It is with great pleasure that we have Dr Graeme Counsel as our guest blogger this month. Graeme has worked tirelessly to digitise music from Guinea. Do read this fascinating account of his time there and how the Syliphone Label came to be formed.
My three EAP projects focused on the archiving of the music of the Republic of Guinea. In 1958 Guinea embarrassed France by voting â€śNonâ€ť to an offer of autonomy in a confederation of states and instead chose complete independence. Under the Presidency of the young and charismatic SĂ©kou TourĂ© (1958-1984), Guinea was one of the leading proponents of pan-Africanism and the formation of the Organisation of African Unity (now the African Union).
SĂ©kou TourĂ© saw the development of a national identity as key to the progress of his nation. The development of culture was thus central to his government, and SĂ©kou TourĂ© took control of music production in Guinea through a broad cultural policy called â€śauthenticitĂ©â€ť. Under the policy, all private orchestras were disbanded, with the government creating new state-sponsored orchestras in each of Guineaâ€™s 35 prefectures. The musicians of the orchestras were instructed to modernise their local musical traditions via the new Western instruments which were a feature of their groups. The government bought them their musical instruments, paid them a wage, and created national arts festivals in which their groups performed. Under authenticitĂ© all foreign music was banned from the radio, and here the government filled the gap by building a state of the art recording studio and creating its own recording label, Syliphone. The music of Syliphone was recorded on magnetic tape at the studios of Radio TĂ©lĂ©vision GuinĂ©e (RTG). Some of the music was released as 33.3 rpm and 45rpm vinyl discs; all of it was broadcast by the RTG on one of the largest radio transmitters in West Africa. SĂ©kou TourĂ© sent his orchestras and ensembles on tours throughout the region and continent, where they were a sensation. The result of all of these efforts and the authenticitĂ© policy was a remarkable period of creativity which saw Guinean musicians as pioneers in the creation of African popular music. Guinean music had become the voice of a new Africa.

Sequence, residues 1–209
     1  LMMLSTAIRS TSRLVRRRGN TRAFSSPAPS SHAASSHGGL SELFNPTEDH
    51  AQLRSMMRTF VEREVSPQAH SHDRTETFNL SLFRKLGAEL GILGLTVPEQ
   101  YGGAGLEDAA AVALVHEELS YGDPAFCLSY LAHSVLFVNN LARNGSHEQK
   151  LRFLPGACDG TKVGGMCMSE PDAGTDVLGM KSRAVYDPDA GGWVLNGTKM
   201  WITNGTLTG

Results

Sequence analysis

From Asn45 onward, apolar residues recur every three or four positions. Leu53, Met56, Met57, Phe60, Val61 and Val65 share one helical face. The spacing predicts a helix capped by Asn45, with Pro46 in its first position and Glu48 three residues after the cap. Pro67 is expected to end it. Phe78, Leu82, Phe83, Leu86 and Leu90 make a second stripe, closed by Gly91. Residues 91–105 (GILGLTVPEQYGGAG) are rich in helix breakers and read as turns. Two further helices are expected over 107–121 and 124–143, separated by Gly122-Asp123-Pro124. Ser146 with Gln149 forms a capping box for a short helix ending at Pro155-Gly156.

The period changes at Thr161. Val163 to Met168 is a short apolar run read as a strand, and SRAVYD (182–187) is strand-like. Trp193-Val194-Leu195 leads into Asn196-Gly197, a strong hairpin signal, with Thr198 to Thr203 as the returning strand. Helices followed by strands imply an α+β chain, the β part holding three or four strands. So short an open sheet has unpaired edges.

Radiodiffusion TĂ©lĂ©vision GuinĂ©e (RTG) offices in Boulbinet
My first EAP project was to reconstruct the entire Syliphone catalogue of 750 songs released on 160 vinyl discs. The governmentâ€™s own archive of this collection had been destroyed in the counter-coup of 1985, when jet planes bombed the national broadcaster, home of the offices of the RTG. Since the mid 1960s the RTG had housed the sound archive, the actual contents of which were something of a mystery. My Syliphone project proceeded extremely well and in September 2008, in time for Guineaâ€™s 50th anniversary of independence celebrations, I presented to the government the complete collection of Syliphone music digitised to compact discs. The collection was exhibited at the MusĂ©e National and in recognition the government awarded me their highest academic honour, the gold medal of the Palme AcadĂ©mique en Or. Such a high profile gave me considerable leverage. The swathes and labyrinths of red tape and bureaucracy required to access the RTG, a difficult place to gain access to, were slowly swept away, and I will never forget the first time I entered the sound archive. What I had heard and imagined the archive to consist of, perhaps 50 audio reels, turned into an Aladdinâ€™s Cave of perhaps 1,000 reels. All I could do in the few weeks that remained of my project was to digitise and preserve as many of them as I could. I applied for a 2nd EAP project to archive the remainder, and returned in 2009 to complete the project.